More restaurants are looking at used and refurbished fryers and coolers amid shipping delays and to save on the cost to buildout.
By Jonathan Maze | Nov. 17, 2021
Whenever his company, Fransmart, starts working with an upstart restaurant chain, one of the first phone calls CEO Dan Rowe makes is to Neal Sherman.
Sherman is the founder and CEO of the aftermarket restaurant equipment company TAGeX Brands. Rowe estimates that such equipment can cut the cost of a new restaurant by 10% to 20%.
But these days Rowe has to be quick if he wants anything. “The stuff [Sherman] gets goes fast,” Rowe said. “Everybody’s looking. Everybody who is growing at all needs stuff. And we’re all looking for the same stuff.”
As supply chain constraints have caused delays in equipment deliveries, more restaurants are turning to companies such as Sherman’s. The equipment liquidation company is seeing a broader set of clients, including more chain restaurants, and its equipment is moving faster than ever.
“Pre-pandemic, RestaurantEquipment.shop and RestaurantEquipment.bid were getting 1 million views per month,” Sherman said of the websites where TAGeX Brands sells much of its equipment. “Since the pandemic, they went to as high as 1 million views a day.
“We’ve seen an unbelievable increase in traffic and activity.”
The market for new and aftermarket equipment has been one of the many areas that has taken some unexpected turns since the outset of the pandemic.
When governments closed dining rooms in 2020, many expected mass bankruptcies, which would have led to a flood of equipment at sites like Sherman’s and, therefore, dropping prices.
Instead, government rescue plans helped fuel a quicker-than-expected sales recovery and fewer concepts filed for bankruptcy. While there have been plenty of closures, the number was not nearly as large as many predicted.
Meanwhile, the recovery in demand led to a quick return to growth for many restaurants, which led to higher demand for equipment—not to mention many other things. That, plus shortages of drivers post pandemic, has led to significant backups in deliveries of new equipment.
Restaurants have struggled to get in things like fryers or walk-in coolers. The result has led to opening delays and other challenges.
“Supply lines are just a mess,” Rowe said. “It’s slow. It’s harder to get stuff. It takes longer. If you need a piece of equipment and you’re in a hurry, forget it. You wind up even forgetting the price because you want it so bad.”
Unsurprisingly, operators are turning their attention to the after- market in hopes of getting stuff in more quickly and cheaply—the latter of which is important given rising costs for real estate, labor, and food.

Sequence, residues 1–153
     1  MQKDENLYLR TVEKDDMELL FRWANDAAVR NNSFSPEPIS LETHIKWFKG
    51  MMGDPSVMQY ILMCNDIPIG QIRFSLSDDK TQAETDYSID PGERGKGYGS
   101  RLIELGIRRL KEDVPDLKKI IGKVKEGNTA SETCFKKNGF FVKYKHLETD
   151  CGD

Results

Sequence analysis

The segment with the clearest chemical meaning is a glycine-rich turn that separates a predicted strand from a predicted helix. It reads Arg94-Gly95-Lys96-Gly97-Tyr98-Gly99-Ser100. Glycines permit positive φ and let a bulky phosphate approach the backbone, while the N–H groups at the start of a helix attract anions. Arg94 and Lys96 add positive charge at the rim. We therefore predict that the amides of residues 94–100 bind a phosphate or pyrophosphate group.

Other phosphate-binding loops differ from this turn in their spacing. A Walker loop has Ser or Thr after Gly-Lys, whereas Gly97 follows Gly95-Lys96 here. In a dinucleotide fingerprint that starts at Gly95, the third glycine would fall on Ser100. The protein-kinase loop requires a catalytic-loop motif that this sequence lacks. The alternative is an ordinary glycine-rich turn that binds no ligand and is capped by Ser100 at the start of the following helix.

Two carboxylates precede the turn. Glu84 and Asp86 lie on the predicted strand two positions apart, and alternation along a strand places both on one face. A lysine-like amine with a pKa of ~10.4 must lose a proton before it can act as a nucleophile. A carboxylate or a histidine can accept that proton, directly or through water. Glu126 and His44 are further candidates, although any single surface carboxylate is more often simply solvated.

TAGeX Brands will liquidate equipment taken from closed restaurants and will also take surplus new equipment, scratch-and-dents, and other pieces. It will then refurbish them if necessary at the company’s headquarters in an old U.S. Army depot in Upstate New York, as well as a regional facility in Dallas. TAGeX Brands then sells that equipment on its websites or through other sources.
For instance, the company liquidated the equipment in the shuttered Souplantation and Sweet Tomatoes chain last year and has moved appliances and other items from a bunch of colleges. “We’ve always had a fairly fast turn of equipment,” Sherman said. “Now it’s within 30 days by the time it comes in, is received, cleaned up and put on the site. Many sales occur from the location.”
Typically, many TAGeX Brands buyers are independents looking to keep those costs low. And much of what TAGeX Brands brings in comes from chains that are closing locations, replacing equipment, or getting rid of surplus.
But, since the start of the pandemic, Sherman said, more of those chain restaurants have turned into buyers.
Sherman said there has been a consistent flow of equipment in as chains remodel and replace items. He also said his company has been able to take up surplus inventory around the country and get it pretty quick.
The price for such equipment, however, has taken off—particularly on the company’s auction site. But Sherman says it remains a deal compared with new equipment, especially given how much that costs these days. “It’s still a huge value versus buying something new,” he said.
Rowe said that a restaurant using used equipment can typically save 10% to 20% on startup costs, which results in 20% to 50% more return on investment. “It’s worth it,” he said.
The big drawback is availability and fit. Rowe said if the product is available, it can be delivered in a day or so. If not, then “you’re stuck going the new route.” And the wait is a lot longer.